Foreigner Retailers Sacked

George Kwaku Ofori

Foreigners operating in Ghana’s open markets are expected to stop their activities by June 20, this year or incur the wrath of the Ministry of Trade and Industry, which intends to apply the law after several protests by Ghanaian retailers.

Though retail business has been reserved for Ghanaians, most open markets have been invaded by foreign nationals who undertake petty trading.

It took several pleas by traders, particularly the leadership and members of the Ghana Union of Traders Association (GUTA) to draw attention to the issue.

A national taskforce set up by the Ministry of Trade to handle the issue has finally asked foreign traders involved in the retail business to vacate the open market places and areas designated for Ghanaian traders.

It would be recalled that members of GUTA declared their intention to take the law into their hands and forcibly remove foreign retailers if the taskforce mandated to do so fails to act.

Though the Ghana Investment Promotion Centre (GIPC) Act 478, of 1994 stipulates that petty-trading, hawking, selling and all small-scale retail activities must reserved for Ghanaians, GUTA claimed activities of foreigners had increased in the retail industry.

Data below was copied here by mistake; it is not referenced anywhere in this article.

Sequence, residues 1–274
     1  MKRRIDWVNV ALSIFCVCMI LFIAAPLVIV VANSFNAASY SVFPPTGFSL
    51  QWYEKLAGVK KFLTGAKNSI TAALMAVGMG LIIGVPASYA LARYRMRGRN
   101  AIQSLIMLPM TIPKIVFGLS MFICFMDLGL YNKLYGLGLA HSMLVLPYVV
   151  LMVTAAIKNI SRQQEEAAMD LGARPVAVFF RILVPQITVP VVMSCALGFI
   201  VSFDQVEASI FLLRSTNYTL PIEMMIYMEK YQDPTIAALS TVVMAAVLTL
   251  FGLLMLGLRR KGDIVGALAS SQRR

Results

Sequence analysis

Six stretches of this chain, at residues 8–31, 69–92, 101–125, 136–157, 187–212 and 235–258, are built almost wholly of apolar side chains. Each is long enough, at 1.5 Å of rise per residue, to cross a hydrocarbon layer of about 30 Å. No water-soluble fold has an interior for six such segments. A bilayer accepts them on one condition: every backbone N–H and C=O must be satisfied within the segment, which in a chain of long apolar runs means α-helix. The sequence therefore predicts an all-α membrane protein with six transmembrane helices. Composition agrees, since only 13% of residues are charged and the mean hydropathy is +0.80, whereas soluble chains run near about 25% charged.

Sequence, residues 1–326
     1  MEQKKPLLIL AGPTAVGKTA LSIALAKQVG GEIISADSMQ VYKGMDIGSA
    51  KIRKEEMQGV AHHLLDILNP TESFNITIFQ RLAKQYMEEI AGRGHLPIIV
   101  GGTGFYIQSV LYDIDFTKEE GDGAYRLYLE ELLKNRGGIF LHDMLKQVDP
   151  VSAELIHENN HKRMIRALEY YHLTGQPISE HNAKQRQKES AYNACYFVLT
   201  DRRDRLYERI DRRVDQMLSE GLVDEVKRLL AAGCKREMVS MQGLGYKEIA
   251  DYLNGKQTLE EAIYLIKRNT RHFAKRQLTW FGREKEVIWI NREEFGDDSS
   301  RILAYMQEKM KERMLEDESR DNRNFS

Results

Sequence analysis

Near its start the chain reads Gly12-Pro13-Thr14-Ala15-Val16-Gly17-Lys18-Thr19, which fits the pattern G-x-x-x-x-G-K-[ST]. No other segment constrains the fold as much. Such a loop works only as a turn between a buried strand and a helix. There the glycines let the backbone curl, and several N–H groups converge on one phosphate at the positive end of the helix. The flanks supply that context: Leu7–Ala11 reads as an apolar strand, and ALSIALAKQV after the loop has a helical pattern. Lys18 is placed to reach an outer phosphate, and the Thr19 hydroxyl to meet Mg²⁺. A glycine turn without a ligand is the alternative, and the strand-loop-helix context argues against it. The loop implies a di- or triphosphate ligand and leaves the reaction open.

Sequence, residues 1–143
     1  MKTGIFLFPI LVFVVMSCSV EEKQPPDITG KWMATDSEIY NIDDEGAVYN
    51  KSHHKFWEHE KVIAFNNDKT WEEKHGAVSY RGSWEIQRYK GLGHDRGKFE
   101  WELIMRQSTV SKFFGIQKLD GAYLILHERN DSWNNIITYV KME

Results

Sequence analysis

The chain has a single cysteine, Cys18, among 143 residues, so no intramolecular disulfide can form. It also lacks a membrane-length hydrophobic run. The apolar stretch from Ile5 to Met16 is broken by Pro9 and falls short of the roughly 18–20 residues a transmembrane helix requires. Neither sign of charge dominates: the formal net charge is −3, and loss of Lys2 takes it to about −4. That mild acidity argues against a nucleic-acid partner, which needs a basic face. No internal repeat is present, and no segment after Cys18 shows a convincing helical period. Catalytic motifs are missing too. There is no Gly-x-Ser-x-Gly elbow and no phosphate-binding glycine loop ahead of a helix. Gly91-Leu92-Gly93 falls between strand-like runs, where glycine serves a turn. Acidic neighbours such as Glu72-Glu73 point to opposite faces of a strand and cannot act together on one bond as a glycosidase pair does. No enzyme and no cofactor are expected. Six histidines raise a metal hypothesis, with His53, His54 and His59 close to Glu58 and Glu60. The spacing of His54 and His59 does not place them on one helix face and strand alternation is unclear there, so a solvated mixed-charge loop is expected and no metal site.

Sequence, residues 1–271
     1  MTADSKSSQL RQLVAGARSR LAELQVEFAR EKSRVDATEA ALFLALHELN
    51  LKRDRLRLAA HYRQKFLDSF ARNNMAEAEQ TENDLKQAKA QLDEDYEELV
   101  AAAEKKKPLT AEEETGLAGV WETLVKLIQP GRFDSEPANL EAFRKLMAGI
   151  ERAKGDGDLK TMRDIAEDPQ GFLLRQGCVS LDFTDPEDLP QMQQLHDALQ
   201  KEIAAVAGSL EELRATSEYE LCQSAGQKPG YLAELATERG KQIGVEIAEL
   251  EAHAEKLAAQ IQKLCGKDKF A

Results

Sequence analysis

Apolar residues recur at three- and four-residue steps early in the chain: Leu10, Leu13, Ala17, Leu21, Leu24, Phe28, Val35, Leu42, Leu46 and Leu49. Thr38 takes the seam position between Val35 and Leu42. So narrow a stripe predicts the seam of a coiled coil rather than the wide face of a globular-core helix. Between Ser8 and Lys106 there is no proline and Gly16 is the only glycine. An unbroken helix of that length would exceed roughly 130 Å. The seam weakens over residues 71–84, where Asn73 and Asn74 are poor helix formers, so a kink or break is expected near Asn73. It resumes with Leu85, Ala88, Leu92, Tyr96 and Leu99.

George Kweku Ofori, president of GUTA, who welcomed the news said, “It’s long over due, elsewhere there are severe punishments for flouting the laws regarding trade, but today what do we see, foreigners are all over town doing retailing.”

Aside westerners, other African nationals make up the large population of the retailers who operate illegally in the sector.

Mr Ofori stated that majority of West African nationals hide behind the ECOWAS trade laws and engaged in retail business “the ECOWAS protocol does not allow for the establishment of a business in other countries.”

In line with the laws of Ghana, foreign nationals who intend to do any form of business are expected to register and obtain permit from the GIPC. 

Kofi Larbi, Chairman of the 20-member Taskforce made up of representatives from the Ghana Revenue Authority (GRA), Immigration Service, Police Service, GIPC, GUTA, Social Security and National Insurance Trust (SSNIT), Registrar General’s Department and the Ministry of Foreign Affairs, said they are poised to prosecute all foreign traders who flout Ghana’s investment laws.

There are reports that most foreign retailers flout Ghana’s employment laws, evade and avoid the payment of taxes.
Mr. Larbi admitted that the problems could also be attributed to the fact that most of the foreign investors fail to register their investments as required under the law.

By Emelia Ennin Abbey